Israelis are rightly infuriated that their politicians couldn’t get their act together and form a government after national elections held on April 9. A rerun scheduled for Sept. 17 will be an enormous waste of time and money. But almost as infuriating as the new election is the way this turn of events will serve as an excuse for months of bloviating from Israeli and international pundits about the crisis in Israeli democracy.
That means we’re about to be subjected to nearly 100 more days of Israeli Prime Minister Benjamin Netanyahu’s critics claiming that if he wins again, it will sound the death knell for Israeli democracy.
While there are cogent criticisms that can be directed at Israel’s method for electing governments, in addition to Netanyahu’s policies and conduct in office, like all the previous rounds of “death of democracy” predictions, the apocalyptic jeremiads that will be churned out along these lines will be utterly disingenuous. Those who make these arguments will sound high-minded and principled. But what they are really whining about are the democratic choices that Israelis have made—not the potential demise of liberty in the Jewish state. As they’ve done before, Netanyahu’s critics continue to confuse their disgust at the outcome of Israel’s democratic elections with the question of whether the country remains a democracy.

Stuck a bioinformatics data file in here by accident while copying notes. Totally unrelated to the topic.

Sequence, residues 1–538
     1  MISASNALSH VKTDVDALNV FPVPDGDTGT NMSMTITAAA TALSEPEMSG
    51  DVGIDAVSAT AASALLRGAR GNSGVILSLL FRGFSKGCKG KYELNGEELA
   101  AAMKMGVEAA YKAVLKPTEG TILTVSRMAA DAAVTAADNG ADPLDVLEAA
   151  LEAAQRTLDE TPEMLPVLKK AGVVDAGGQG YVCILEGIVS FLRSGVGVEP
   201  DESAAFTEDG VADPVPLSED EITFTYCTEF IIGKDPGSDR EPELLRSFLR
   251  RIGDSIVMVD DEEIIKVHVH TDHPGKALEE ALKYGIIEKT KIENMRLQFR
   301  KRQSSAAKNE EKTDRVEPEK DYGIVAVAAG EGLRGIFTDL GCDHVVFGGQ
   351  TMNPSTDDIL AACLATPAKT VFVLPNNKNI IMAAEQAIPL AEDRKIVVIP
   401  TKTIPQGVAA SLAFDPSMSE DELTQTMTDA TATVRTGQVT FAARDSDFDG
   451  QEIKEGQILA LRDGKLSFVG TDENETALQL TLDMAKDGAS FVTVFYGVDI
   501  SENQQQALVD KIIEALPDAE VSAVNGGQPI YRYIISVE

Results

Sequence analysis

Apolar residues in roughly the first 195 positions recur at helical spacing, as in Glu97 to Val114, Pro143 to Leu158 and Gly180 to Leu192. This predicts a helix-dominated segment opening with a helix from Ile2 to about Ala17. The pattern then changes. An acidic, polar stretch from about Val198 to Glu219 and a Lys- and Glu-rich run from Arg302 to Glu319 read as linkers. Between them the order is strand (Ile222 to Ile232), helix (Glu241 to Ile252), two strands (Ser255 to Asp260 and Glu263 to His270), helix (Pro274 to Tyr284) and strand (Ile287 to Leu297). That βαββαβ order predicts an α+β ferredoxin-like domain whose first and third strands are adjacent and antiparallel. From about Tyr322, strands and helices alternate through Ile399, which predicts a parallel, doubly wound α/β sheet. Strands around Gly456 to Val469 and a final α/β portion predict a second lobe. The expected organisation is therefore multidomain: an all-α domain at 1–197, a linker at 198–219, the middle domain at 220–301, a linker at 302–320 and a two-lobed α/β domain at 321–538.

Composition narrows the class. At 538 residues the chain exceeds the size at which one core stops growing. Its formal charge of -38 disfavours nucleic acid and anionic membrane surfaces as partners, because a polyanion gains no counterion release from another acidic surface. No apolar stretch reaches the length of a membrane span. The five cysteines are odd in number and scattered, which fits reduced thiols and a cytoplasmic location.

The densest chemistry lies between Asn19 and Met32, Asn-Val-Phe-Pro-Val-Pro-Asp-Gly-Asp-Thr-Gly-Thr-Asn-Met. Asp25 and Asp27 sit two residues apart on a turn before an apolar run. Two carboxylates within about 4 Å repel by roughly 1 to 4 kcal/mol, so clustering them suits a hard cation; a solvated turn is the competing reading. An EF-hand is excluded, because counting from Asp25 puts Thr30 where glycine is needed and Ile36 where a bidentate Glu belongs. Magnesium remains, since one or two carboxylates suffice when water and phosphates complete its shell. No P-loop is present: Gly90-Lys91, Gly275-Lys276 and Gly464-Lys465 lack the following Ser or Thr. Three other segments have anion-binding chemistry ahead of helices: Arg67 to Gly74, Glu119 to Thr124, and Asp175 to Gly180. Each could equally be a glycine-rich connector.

The theme of Israeli democracy in crisis was proclaimed early and often in the months and weeks leading up to April. Those making that argument went on about the law that reaffirmed that Israel is a Jewish state, the tribalism of Israeli politics, the failure to make peace or the threat to the rule of law from corruption allegations against the prime minister.
But as they had done the previous three times they went to the polls, Israel’s voters rejected these arguments. A clear majority voted for right-wing and religious parties pledged to support Netanyahu. They did so not because they are stupid or don’t care about democracy. They voted for another Netanyahu-led government because they generally support the prime minister’s policies and didn’t want him replaced with one of the chorus line of ex-generals leading the new Blue and White Party, which formed the main opposition.
Instead of yet another Netanyahu government, they got the chaos of the last week and what amounts to an attempt at a “do over” in September, even though there’s a good chance that the outcome won’t differ much from the April results.
There’s plenty of blame to go around for this mess.
Avigdor Lieberman’s refusal to join Netanyahu had little to do with a dispute about the drafting of ultra-Orthodox yeshivah students and everything to do with his conviction that this was the moment when the prime minister could be toppled, allowing the Yisrael Beiteinu leader to play the kingmaker. Netanyahu’s desperate search for another coalition partner and/or a defector from the opposition was a similarly undignified display.